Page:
The paper said students must develop the habit of “questioning and not merely accepting whatever the textbooks (or print/ electronic/ social media) say as infallible truth, with a clear foundation of how knowledge generation takes place and how fake news such as Pythagoras theorem, apple falling on Newton’s head etc. are created and propagated”.
The paper suggests teaching Sanskrit as a third language to school children and introducing Manusmriti and ancient numerical systems like Bhuta-sankhya and katapayadi-sankhya paddhati and other concepts from ancient Indian texts in the syllabus.
“Even though Manusmṛti contains lofty ideals of public and societal good, it has become controversial to the extent that its very name solicits unwarranted bemoan from a section of our society,” the paper states.
The position paper on science suggests national and state-level aptitude exams to identify scientifically-inclined and brilliant students and provide them scholarships.
The paper suggests schools maintain a cumulative record of each student based on assessment made once in three months (trimesters) to avoid over burdening of students. “The obtained marks should not be the main criteria for the promotion of students from one grade to another,” it states.
The paper suggests introducing children to the role of Indian scientists and philosophies – “ancient, medieval and modern” – not as “pieces of history” but as examples of “circumstances which led to the development of these disciplines”.
“How our culture respects science and [the] scientific basis for our cultural practices should be incorporated with the content,” says The paper adds that, “misconceptions about scientific phenomena and blind beliefs have to be clarified through experimentation or exploration.”
The NEP 2020 position paper supports teaching in the mother-tongue, “local language” or Kannada until Class 5. Class 6 onwards, teaching will be bilingual with bilingual textbooks.
This, says the paper, will “enable the children to be culturally and linguistically rich with strong local roots and global reach”. Three languages will be taught from Classes 1 to 12 in all the schools in the state and will carry equal marks in exams. “We need a kind of language policy that is also acceptable to the non-Kannada people in Karnataka,” says the paper.
The position paper observes that social sciences depict “more of European cultural experiences of other cultures”. To remedy this, it suggests introducing social sciences to the Indian students in “an exciting way to reflect on both Indian traditions and the local social and environmental surroundings, without losing the site of global concerns”.
Feedback from teachers, the paper claims, stated that history books include “certain wrong information”. Scarcity of food during the Vedic period due to sacrifices, or murti puje is a social evil are “mistakes” that have not been corrected. “History does not generate a sense of pride about our nation. Instead, it generates negative attitude towards us,” says the paper.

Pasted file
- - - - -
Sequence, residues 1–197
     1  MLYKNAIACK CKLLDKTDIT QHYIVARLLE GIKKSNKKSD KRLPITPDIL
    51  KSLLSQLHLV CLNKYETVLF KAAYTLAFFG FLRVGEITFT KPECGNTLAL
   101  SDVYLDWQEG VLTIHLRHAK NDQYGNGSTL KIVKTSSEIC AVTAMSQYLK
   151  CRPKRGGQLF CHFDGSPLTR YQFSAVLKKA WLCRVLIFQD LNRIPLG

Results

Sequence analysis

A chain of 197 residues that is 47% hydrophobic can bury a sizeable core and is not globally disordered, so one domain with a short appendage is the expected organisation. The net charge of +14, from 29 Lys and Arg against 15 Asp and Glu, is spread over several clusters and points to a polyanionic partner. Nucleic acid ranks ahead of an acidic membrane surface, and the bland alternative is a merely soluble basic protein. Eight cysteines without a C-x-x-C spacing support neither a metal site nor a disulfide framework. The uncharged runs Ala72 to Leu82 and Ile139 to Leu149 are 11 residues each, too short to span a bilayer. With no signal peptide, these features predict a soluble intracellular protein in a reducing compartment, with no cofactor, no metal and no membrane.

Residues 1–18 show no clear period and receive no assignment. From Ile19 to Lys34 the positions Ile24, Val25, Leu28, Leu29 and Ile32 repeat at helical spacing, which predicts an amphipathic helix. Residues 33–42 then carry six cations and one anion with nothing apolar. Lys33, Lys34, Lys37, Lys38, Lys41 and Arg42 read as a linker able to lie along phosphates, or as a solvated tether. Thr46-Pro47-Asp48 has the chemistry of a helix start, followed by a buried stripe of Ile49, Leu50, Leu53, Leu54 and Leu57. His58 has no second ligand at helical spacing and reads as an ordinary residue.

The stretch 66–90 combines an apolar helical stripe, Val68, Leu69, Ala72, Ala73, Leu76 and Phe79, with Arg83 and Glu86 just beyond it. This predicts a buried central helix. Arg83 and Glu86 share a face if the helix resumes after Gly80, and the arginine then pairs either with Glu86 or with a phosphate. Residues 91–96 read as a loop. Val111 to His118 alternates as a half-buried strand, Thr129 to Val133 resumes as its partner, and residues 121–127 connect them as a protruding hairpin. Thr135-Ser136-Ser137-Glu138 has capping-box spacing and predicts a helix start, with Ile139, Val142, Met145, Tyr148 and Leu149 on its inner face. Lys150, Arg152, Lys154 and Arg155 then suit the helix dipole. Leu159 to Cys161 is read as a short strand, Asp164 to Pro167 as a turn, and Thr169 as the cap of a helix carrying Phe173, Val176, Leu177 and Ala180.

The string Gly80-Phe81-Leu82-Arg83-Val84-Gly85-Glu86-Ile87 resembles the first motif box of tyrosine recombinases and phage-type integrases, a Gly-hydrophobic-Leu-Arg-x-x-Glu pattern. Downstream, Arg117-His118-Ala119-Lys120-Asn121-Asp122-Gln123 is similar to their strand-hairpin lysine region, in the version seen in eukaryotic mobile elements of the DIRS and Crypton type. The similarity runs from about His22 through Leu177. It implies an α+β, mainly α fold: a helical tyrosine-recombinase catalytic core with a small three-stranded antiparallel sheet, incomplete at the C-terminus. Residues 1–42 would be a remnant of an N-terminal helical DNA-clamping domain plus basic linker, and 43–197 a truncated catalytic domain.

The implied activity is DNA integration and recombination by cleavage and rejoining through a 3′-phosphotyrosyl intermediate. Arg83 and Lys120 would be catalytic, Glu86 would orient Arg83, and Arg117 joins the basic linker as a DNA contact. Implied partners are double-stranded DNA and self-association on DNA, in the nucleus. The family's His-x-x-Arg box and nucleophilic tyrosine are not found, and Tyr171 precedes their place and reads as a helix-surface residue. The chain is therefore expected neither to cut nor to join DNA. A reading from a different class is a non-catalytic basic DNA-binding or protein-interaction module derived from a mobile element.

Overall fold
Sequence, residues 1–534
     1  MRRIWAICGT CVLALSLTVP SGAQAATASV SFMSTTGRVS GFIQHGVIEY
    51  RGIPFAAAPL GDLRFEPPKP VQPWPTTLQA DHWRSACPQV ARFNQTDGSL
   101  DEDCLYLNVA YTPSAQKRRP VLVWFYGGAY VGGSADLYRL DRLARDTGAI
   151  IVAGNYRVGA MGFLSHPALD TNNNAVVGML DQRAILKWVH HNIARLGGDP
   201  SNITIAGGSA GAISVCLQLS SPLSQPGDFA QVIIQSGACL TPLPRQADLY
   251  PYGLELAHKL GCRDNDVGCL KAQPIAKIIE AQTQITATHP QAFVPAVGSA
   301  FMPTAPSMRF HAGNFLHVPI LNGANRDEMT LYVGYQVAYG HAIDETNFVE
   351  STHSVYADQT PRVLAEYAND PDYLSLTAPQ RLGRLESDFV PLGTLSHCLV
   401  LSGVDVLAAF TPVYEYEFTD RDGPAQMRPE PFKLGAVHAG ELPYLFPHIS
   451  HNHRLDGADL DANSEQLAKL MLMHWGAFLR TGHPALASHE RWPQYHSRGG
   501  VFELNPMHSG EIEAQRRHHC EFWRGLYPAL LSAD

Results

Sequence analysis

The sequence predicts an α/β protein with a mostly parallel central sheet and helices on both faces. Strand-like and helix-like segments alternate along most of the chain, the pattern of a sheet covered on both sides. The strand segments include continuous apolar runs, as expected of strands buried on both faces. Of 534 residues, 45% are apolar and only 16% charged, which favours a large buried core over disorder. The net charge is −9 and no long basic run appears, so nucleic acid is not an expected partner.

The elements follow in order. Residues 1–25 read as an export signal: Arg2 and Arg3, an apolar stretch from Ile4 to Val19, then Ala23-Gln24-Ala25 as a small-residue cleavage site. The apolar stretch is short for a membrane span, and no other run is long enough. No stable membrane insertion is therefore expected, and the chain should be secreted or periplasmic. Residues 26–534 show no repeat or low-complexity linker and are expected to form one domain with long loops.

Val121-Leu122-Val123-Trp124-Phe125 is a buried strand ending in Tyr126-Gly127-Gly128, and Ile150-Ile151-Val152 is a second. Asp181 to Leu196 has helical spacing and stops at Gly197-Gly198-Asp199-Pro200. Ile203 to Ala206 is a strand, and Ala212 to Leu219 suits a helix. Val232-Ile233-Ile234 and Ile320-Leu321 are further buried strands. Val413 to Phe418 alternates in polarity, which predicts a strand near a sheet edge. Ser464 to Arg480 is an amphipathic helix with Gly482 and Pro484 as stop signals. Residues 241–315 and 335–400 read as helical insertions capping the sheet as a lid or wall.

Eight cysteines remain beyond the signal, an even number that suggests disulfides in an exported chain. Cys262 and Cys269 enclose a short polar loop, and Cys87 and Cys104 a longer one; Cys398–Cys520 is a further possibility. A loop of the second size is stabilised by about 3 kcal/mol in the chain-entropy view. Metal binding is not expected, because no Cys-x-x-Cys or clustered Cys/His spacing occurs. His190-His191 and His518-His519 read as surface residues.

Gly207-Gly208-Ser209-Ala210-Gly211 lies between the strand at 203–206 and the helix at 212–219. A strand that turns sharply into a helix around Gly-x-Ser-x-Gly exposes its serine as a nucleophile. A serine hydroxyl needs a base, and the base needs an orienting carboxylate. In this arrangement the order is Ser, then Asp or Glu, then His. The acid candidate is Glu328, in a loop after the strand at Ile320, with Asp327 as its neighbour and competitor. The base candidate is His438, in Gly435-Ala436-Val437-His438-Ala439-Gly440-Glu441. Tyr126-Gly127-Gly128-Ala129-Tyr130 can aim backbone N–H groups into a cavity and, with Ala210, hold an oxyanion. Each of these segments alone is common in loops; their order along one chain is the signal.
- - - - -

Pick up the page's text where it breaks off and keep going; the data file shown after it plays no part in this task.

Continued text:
Further, the teachers’ feedback said that topics of Christianity and Islam are “repeatedly introduced” to Class 6 and 7 students but there isn’t “even a short introduction to Hindu Dharma”, claims the paper. The textbooks, however, have Bhakti as reform movement that “appear[s] repeatedly”. “It gives the impression that textbook writers are against Hinduism,” the paper states.
For Class 9 and 10, the paper advocates introducing differences between certain categories like religion, tradition, caste, sampradaya, jati, mata and how to differentiate it from Western concepts. The position paper also has a section on avoiding “public controversies in social science teaching” that can be avoided by logical reasoning with appropriate data and observation; it will reduce ideological rifts, it says.
Textbooks for Class 1 and 2 should include “good things” from epics like Ramayana, Mahabharata and Shlokas and religious books like Quran, Bible, the paper proposed.
The paper on environmental education professes to draw inspiration from Hindu scriptures such as the Vedas, Puranas, and Upanishads and the epics Mahabharata and Ramayana. While it talks about combining tradition and modern knowledge for the sustainable approach for resource conservation, most of the references are traditional Hindu practices.
The paper gives examples of chanting of mantra while bathing to evoke a sense of duty, worshipping of Tulsi plant, use of Ashoka and Mango tree leaves in religious rituals that must be included in environmental education. It further talks about other traditional Hindu practices like offering water to Pipal tree, veneration of Sun as god, “animals allowed to breed in temples” and protection of tigers and cobras on religious grounds to be taught to students to “bring a sense of pride among children”.
“The students should be made aware that cultural practices were intrinsically associated with the natural environment and correspond to each other in their own way, which brings a sense of pride among children,” the paper states.
The position paper on health and well being argues for a “carefully planned meal” to address “over-nutrition”. According to the paper, this is achieved by planning “cholesterol-free, additives free” mid-day meals in which “eggs, flavoured milk, biscuits, should be forbidden to prevent obesity and hormonal imbalance”. The panel was led by Dr. KJohn Vijay Sagar, professor and head, Department of Child and Adolescent Psychiatry, NIMHANS, Bengaluru.